Native American Rights Fund
Annually ranked as one of California’s most effective political advocates, Mark Macarro bases his work on his tribal chairmanship of the Pechanga Band of Luiseno Indians. Mark Macarro is affiliated with several national organizations, including the Native American Rights Fund (NARF).
One of the major missions of NARF is the recognition and preservation of Native American tribes, notably the customs and culture of the tribes. NARF exists to secure the tribes’ rights to a continued sovereign presence in relation to the United States government.
NARF recognizes that many tribes have signed treaties with the US government. In cases where tribes have gone unrecognized or treaties have been terminated by US agencies, NARF works to set up new relations.
For example, NARF pushed for recognition of the Pamunkey Indian Tribe of Virginia. After decades of researching the tribe’s history, NARF prevailed on the US Department of the Interior to recognize the Pamunkey in 2015.
Elected to the Tribal Council of the Pechanga Band of Luiseno Indians in 1992, Mark Macarro has led as tribal chairman since 1995. Among his achievements during this time, Mark Macarro has played a key role in the growth of the Pechanga gaming interests.
In May of 2017, the Pechanga announced it had reached the midpoint of a $285 million expansion project at the Pechanga Resort and Casino. Scheduled for completion in December, the project will add 568 rooms, a two-story spa, a pair of restaurants, and several other amenities to what is already California’s largest resort and casino.
Located in the Temecula Valley, the Pechanga Resort and Casino welcomes guests interested in enjoying a range of entertainment options. Along with casino games, guests can listen to live music at the concert theater or play golf on the 18-hole course. In addition, guests have the opportunity to schedule meetings and events in the property’s hundreds of thousands of square feet of indoor and outdoor space.
Pechanga Resort and Casino is owned and operated entirely by the Pechanga people. Since opening to the public in 2002, the resort has won the AAA Four Diamond Award and earned distinction from USA Today as the Best US Casino.
National Congress of American Indians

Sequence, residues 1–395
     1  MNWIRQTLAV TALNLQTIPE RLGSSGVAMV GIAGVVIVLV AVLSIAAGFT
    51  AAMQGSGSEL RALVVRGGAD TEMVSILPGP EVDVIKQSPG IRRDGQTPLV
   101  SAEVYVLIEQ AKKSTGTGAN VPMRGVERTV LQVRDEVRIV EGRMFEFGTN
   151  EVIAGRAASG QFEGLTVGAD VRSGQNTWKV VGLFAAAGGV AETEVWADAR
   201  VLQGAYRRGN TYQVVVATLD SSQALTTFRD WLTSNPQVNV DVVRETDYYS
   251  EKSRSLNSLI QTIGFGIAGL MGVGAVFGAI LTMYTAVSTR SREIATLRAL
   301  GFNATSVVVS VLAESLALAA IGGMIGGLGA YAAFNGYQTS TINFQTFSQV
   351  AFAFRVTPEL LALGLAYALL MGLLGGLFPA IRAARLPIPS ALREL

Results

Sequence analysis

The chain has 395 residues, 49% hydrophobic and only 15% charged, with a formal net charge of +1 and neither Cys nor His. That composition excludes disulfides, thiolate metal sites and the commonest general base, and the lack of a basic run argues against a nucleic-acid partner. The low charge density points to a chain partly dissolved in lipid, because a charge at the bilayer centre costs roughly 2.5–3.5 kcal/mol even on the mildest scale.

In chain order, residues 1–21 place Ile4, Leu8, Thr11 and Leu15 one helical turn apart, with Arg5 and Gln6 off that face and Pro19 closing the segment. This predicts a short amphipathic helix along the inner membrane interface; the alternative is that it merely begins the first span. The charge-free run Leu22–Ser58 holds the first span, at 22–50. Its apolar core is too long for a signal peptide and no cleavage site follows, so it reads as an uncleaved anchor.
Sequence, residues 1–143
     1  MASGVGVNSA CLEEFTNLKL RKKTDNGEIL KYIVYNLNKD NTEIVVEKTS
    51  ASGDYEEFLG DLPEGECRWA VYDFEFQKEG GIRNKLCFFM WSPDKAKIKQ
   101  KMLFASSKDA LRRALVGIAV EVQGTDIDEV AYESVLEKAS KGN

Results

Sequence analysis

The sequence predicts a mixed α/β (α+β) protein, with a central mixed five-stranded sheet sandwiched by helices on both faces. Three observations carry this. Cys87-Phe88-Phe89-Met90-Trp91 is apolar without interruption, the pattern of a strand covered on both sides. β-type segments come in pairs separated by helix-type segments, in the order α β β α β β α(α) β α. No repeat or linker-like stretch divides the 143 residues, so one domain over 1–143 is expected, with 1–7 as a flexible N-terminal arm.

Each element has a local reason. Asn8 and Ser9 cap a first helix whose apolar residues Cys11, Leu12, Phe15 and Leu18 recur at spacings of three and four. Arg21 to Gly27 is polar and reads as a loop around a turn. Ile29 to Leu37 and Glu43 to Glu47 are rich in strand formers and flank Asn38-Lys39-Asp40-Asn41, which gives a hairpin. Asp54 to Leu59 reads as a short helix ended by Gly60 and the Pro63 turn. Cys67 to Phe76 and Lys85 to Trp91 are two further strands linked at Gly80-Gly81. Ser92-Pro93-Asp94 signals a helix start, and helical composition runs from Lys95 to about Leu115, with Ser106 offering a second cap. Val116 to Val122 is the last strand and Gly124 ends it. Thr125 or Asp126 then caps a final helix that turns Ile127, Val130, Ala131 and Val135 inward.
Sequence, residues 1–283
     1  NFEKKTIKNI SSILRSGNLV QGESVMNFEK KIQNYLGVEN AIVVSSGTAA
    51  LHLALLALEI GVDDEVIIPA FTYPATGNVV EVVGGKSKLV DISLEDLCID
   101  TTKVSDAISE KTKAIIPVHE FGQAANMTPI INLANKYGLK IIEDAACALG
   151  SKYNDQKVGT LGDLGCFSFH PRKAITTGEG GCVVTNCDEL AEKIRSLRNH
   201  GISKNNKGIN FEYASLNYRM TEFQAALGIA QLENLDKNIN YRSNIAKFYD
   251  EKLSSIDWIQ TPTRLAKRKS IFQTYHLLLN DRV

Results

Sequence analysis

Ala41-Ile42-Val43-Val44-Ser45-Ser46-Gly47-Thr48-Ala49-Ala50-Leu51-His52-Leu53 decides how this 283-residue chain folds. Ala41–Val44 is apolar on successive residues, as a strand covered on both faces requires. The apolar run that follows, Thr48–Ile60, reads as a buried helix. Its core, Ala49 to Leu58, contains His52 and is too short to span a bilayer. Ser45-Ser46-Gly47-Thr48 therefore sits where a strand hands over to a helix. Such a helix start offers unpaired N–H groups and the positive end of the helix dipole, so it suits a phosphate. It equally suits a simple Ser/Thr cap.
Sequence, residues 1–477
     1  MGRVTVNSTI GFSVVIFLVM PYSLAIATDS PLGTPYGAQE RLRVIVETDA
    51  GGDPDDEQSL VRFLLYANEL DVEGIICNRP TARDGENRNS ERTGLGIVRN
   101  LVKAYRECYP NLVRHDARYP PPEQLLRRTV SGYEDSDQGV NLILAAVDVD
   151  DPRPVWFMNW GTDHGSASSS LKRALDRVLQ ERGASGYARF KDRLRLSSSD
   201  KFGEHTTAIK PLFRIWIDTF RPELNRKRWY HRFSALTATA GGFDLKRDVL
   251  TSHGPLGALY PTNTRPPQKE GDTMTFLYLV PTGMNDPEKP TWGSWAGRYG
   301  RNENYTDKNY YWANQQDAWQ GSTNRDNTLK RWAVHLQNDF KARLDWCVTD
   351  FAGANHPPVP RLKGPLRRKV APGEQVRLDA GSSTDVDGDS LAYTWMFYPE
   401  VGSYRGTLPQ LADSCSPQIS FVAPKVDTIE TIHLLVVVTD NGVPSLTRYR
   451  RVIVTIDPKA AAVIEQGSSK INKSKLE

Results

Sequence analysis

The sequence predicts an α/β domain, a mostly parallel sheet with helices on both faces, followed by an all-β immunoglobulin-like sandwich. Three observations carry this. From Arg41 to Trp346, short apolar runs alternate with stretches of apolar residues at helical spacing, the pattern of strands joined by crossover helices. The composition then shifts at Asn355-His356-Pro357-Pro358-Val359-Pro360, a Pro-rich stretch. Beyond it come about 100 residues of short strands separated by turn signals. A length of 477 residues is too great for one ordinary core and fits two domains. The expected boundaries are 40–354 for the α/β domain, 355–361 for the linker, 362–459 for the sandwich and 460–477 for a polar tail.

Mark Macarro is a leader in California’s American Indian community. He is serving his 14th year as tribal chairman for the Pechanga Band of Luiseño Indians. Mark Macarro concurrently serves on the board of governors for the National Congress of the American Indians (NCAI).
Founded in 1944, the National Congress of American Indians is the nation’s oldest organization representing the interests of American Indians and Native peoples. It advocates for beneficial policies and initiatives on a consensus basis, considering the viewpoints and concerns of tribes and tribal governments throughout the United States.
While the NCAI routinely fights against discriminatory and inflammatory conduct, it does not typically respond to name calling and inflammatory dialogue in politics. In May 2017, however, the wholly bi-partisan organization released a statement condemning particularly insensitive remarks made by the nation’s president.
President Trump used the name Pocahontas as an insult to attack Senator Elizabeth Warren, one of his political opponents. Stakeholders at the NCAI object to the use of her name as a racial slur. Pocahontas was a real American Indian, and her legacy is very important to the Pamunkey Indian Tribe in particular. The NCAI statement condemns this behavior and expresses hope that the current administration will work positively with American Indian stakeholders in the future.
Pechanga TANF Program
Mark Macarro serves as tribal chairman for the Pechanga Band of Luiseño Indians in Temecula, California. Currently in his 14th year as chairman, Mark Macarro is a respected leader in the local community.
The Pechanga Band of Luiseño Indians can trace its roots in California’s Temecula Valley back more than 10,000 years, and the band is one of seven that calls the area home. They have persisted through considerable adversity, from massacres to evictions to discriminatory legislation. Today, the Pechanga Band of Luiseño Indians provides a wealth of valuable cultural and community services in the greater Temecula area.
These valuable services include the Pechanga TANF Program, a service that supports families from low-income backgrounds. This program is dedicated to promoting traditional two-parent families and helping those families become self-sufficient. To this end, it offers assistance with childcare and employment as well as providing some cash aid.
Qualifying families must live within the Pechanga Indian Reservation, have children, and meet financial guidelines. To learn more about these and other services available, visit: www.pechanga-nsn.gov.